Helgeland’s first partnership with Scott would prove a powerful experience. Helgeland remarks: “When there are catapults and phalanxes of guys trying to set castle gates on fire and men are concerned with God—what he is and for what reason he has led them into battle—Ridley’s on ground that he finds intellectually stimulating. The film benefits from it.”

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In the script, from a story by Helgeland, Ethan Reiff & Cyrus Voris, we are introduced to archer Robin Longstride as an infantryman in the ranks of King Richard’s army as it returns from the Third Crusade in the Holy Land. Richard—in a bid to reclaim monies paid to the French king who held him hostage as he returned from his Crusade—is laying siege to a French castle. As history records, during the siege Richard suffered a neck wound from an arrow and died soon after. This shattered his mother, Eleanor, and resulted in the crown being passed along to his younger brother Prince John.

Beginning his story with the moment of Richard’s death, Helgeland imagined Robin, who has suffered a restless childhood overseas, seizing an opportunity to return to his native England for the first time since he was five. After he lands on its shore, Robin discovers a nation crippled by poverty and robbed of its men by Richard’s reckless bid to fund his wars. The specter of French invasion looms on the horizon, and Richard’s incompetent brother is content to let his people suffer while he fills his coffers.

It was important to the team to show how demolished the English economy was and how bleak the country had become. They wanted to present how Robin’s arrival coincides with John’s heavy taxation: citizens were being targeted to pay beyond their means and given little in food, clothing and shelter. Robin’s defiance of the ruling class equals not just stealing grain and giving back to the people of Nottingham, but also inspiring his countrymen to take charge of their destiny.

Scott reflects: “Everyone talks about Robin Hood robbing from the rich and giving to the poor, but we felt it was relevant to choose a point in medieval folklore when the environment is on the edge of starvation and neglected by the crown. The hierarchy is the enemy, and the everyman who will come against them is Robin Hood. Within that idea, we have not forgotten the expectation and the romanticism of the legend. Is there humor in this? Yes. Is there a lot of action? Yes.”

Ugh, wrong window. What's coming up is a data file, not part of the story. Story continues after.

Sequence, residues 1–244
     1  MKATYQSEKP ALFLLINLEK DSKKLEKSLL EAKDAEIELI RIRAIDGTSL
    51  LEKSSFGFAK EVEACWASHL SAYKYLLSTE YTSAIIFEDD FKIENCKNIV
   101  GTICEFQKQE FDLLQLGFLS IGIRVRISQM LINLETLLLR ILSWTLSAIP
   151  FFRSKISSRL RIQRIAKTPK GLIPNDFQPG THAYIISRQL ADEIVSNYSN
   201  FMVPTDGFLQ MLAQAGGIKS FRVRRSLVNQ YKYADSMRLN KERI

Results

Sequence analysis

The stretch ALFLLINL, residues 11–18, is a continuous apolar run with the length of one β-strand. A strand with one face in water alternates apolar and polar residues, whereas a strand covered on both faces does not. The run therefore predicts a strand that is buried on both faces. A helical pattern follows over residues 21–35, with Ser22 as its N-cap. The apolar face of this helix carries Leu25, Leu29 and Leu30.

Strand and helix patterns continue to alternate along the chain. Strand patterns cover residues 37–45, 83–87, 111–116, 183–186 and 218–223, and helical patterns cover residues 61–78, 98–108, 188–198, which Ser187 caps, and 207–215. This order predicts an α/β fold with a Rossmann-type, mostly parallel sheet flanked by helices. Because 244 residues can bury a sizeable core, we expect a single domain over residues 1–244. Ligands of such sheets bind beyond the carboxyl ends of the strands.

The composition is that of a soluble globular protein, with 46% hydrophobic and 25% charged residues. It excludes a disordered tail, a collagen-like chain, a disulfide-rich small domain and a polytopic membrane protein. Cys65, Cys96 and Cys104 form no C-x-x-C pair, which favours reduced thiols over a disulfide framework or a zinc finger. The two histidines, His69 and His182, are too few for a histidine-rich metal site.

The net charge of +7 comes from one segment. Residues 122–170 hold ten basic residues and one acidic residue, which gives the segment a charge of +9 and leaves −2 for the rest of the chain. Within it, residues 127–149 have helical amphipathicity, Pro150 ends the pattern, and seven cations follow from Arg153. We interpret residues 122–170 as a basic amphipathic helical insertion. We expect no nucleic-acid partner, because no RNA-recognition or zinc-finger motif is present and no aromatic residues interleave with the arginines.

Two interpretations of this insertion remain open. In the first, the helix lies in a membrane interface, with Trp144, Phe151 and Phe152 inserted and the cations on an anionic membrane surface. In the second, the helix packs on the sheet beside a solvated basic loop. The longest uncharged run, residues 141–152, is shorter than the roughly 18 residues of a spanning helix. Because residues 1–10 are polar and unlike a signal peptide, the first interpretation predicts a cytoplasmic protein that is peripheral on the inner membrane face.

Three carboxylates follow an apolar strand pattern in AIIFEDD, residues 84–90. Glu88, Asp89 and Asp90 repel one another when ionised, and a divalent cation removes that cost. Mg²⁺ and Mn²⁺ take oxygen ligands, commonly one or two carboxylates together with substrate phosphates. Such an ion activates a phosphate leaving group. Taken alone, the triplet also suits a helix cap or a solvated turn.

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Key to Helgeland’s tale is the birth of the Magna Carta, the great charter signed at Runnymede in 1215 after the uprising by the English barons against King John. In many ways, this moment defines the birth of England, freeing its Anglo-Saxon population from the harsh rule of the Norman kings. “There’s a place for the Magna Carta in our film,” states Grazer, “not only as a historical event, but also as a cinematic point.”

Supplements Crowe: “We have a situation where the man who basically invented taxation is the same King John who signed the first version of the Magna Carta. We have a period between 1199 and 1215, and it felt like that was the ideal breeding ground for revolution…or the birth of a revolutionary figure. As much of the film is predating the Magna Carta, then it’s possibly the birth of a nation as well—the birth of England and everything that is great about it.”

Establishing a backstory for Robin was fundamental to understanding why he would become champion of his people. In the tale, Robin discovers that his father was stonemason Thomas Longstride, a well-known public speaker and the principal author of what was to become the Forest Charter (Carta de Foresta). This precedent to the Magna Carta provided rights, privileges and protection for the common man against the aristocracy. Richard’s predecessor, Henry II, saw Longstride’s political stance as treasonable and had him murdered in front of his young son.

To prepare for this role, Crowe read more than 30 books about Robin Hood and the late 12th and early 13th centuries. “Robin is a witness to that death at the age of five,” explains Crowe. “He is then left in a monastery with the Templar Knights in France. His guardians [Loxley and Marshal] go off to the Crusade, but several years later when they come back, he’s not there. He’s had a very hard time, been treated badly, and he’s gone with the one piece of equipment that he was left with, his father’s cuirass. You can imagine a small child dragging around a fully grown man’s chest-plate armor.”

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When we are introduced to Robin during Richard’s siege in France, he has no knowledge of life before his father was killed. “He’s suppressed the memory of watching his father die,” says Crowe. “In his mind, his mother and father just got rid of him and stopped loving him. That’s what has been on his mind for 35 to 40 years.

“But now he’s close to England again,” Crowe continues. “Here’s a guy who’s traveled across Europe and all through the Middle East. He’s seen a variety of different ways that people live, and when he gets back to England he’s surprised that this seems to be the most suppressive place. We follow a man on a journey of self-discovery. Along the way he begins to remember his past, and his quest solidifies. He realizes fate has overtaken him, and he has joined in something much larger than he thought it was. In the process of finding out who he is, he takes up his father’s work where he left off.”

With the producers, director, star and screenplay set, it was time to cast the supporting players of the production, beginning with the fairest maiden in all of Nottingham.


Directors, Filmmaking, Hollywood, New Movies, Summer 2010